Really, who needs 4G?

David Phelan analyses the present and future of speedy mobile data

In the next few days the airwaves go on sale. Bidding begins for the auction of so much spectrum, as it’s called, it’ll increase the available airwaves by 75 per cent. This auction is for the frequencies that will underpin the next generation of mobile phones, tablets and more. The process will be powered by a complex and sophisticated piece of software designed specifically for the purpose.

But do we need it? What are the benefits? And should we care?

Well, for a start, we can have a clear idea of what’s coming because one network, EE, has already launched its 4G service. So: what was 4G set up to deliver and how’s it doing?

It came about because we mostly use smartphones now, supplementing calls and texts with obsessively browsing the internet, checking our email and – most of all – consuming apps on the go.

We were able to do this thanks to the last auction, for 3G frequencies. That led to Three launching the first 3G network 10 years ago (on 03/03/03) and other companies following suit. We were promised video calling (which came, but nobody really used it) and fast data connections. Only when the iPhone launched and added the word “apps” to our vocabulary did 3G data usage really take off. Suddenly, everyone wanted to have the latest currency conversions, stock prices and weather forecasts that speedy data made comfortable. Actually, almost nobody wanted those particular things, but they wanted to be able to get them, just in case.

And everyone certainly wanted to be able to tap an address into a maps app to see directions how to reach it. Or speak the name of a nearby restaurant to find its phone number, read reviews and check opening hours. Or use Augmented Reality – where digital effects are overlaid on top of the physical world the phone’s camera can see – to find the nearest Underground station in a deeply cool way.

Not to mention Facebook and Twitter posting and checking, iPlayer streaming and YouTube browsing.

All very well but the 3G networks have been creaking with the weight of data traffic for ages now. A YouTube clip uses hundreds of thousands times the amount of data a text message does. Hence the need for 4G, or 4G Long Term Evolution to give it its full name.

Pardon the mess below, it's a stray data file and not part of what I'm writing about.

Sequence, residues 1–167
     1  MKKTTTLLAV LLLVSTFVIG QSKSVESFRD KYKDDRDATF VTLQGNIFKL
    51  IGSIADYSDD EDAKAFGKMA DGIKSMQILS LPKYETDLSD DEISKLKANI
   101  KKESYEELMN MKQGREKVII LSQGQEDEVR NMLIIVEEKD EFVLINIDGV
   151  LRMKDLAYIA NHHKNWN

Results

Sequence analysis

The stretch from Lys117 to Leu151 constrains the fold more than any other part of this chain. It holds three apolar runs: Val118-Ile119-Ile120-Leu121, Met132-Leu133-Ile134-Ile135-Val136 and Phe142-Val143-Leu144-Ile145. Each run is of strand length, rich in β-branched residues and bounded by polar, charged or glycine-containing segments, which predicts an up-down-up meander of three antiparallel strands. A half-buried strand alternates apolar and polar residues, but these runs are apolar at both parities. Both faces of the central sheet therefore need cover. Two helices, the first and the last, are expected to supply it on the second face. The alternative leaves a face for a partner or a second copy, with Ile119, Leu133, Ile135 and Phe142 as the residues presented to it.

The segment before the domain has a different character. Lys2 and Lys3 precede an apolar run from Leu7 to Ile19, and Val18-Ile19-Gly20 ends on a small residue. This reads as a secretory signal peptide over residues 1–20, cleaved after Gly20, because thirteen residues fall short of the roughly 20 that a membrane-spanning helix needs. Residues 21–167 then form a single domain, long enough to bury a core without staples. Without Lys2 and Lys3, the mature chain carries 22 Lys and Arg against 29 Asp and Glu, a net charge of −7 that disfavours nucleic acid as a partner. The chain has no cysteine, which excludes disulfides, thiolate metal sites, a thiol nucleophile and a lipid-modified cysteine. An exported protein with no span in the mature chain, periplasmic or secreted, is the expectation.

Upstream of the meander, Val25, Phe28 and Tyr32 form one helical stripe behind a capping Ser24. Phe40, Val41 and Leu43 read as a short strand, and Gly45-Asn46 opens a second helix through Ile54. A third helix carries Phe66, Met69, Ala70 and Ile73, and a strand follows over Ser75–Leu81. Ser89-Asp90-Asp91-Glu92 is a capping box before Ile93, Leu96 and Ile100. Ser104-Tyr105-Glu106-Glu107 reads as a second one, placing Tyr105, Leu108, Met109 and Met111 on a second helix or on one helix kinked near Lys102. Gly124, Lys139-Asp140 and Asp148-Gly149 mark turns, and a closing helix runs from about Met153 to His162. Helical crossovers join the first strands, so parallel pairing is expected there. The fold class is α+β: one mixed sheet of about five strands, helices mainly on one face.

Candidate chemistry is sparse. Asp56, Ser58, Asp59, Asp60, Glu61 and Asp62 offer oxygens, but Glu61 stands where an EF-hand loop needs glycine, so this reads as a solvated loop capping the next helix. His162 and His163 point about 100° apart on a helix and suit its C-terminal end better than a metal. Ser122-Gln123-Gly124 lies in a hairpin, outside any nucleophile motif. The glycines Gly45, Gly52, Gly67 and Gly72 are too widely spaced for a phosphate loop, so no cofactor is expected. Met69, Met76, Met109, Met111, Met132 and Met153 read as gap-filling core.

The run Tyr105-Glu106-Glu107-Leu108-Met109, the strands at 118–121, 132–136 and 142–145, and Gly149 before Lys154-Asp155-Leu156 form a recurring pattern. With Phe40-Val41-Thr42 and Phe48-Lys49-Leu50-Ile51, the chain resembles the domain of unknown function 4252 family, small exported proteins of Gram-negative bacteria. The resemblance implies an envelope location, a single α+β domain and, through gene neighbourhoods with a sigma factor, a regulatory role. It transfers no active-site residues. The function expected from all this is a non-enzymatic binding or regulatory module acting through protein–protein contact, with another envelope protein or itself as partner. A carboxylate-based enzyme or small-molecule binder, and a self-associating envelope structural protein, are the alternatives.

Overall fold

There are two bands of airwaves being auctioned in multiple lots. One is low frequency – 800MHz – and will be the most keenly fought over. Mobile signals travel further at lower frequencies so they can penetrate further into buildings and even underground. As Kester Mann, an analyst at CCS Insight points out, “One of the 800MHz lots will carry an obligation to provide mobile broadband coverage indoors to 98 per cent of the population by the end of 2017”. The other frequency is 2600MHz which won’t get inside buildings so easily but will still be in demand.

The 4G already available, from EE, is at a frequency in between, 1800MHz and came about because EE, forged from the union of Orange and T-Mobile had lots of spare capacity at this frequency. Enough to sell some to Three and launch its 4G service, called 4GEE, last November. And Phones4U has just announced it’ll use EE’s airwaves to provide its own virtual 4G network, called Life, in a few months’ time. So do you need it?

If you’ve ever spent time waiting for maps to download or a web page to build, you’ll know how frustrating this is. Apple’s iPhone has an excellent voice recognition service called Siri but it requires a data connection to work. If you’re dictating a text – way handier than tapping at the glass screen keyboard – you’ll have come across the familiar and all-too-infuriating three mauve dots which appear while the iPhone tries to parlay your spoken words into text. Even worse, when it just can’t do it, those dots wobble as if shaking their heads in sorrow.

This happens a lot on 3G connections. But if your EE phone says LTE in the top corner, everything flies. Dictation is converted to text often before you’ve taken the phone from your mouth to see what it’s doing. It’s spectacularly impressive, and since voice recognition, I predict, is going to be one of the technologies that comes of age this year, it will be increasingly useful.

Similarly, the pleasures of seeing Google searches populating the screen in a gnat’s crotchet or judder-free video streaming, are hard to exaggerate. To be clear, we’ve been here before – this is the speed and efficiency we were promised when 3G was launched, and my experiments are on a network which isn’t yet choked with users. Even so, the speed step-up does seem to be happening this time. Who knows, maybe we’ll take up video calling as well. Maybe not.

Life and Style
ebookNow available in paperback
ebooks
ebookPart of The Independent’s new eBook series The Great Composers
News
Leah Devine is only the ninth female to have made the Young Magician of the Year final since the contest began more than 50 years
peopleMeet the 16-year-old who has set her heart on being the first female to win Young Magician of the Year
News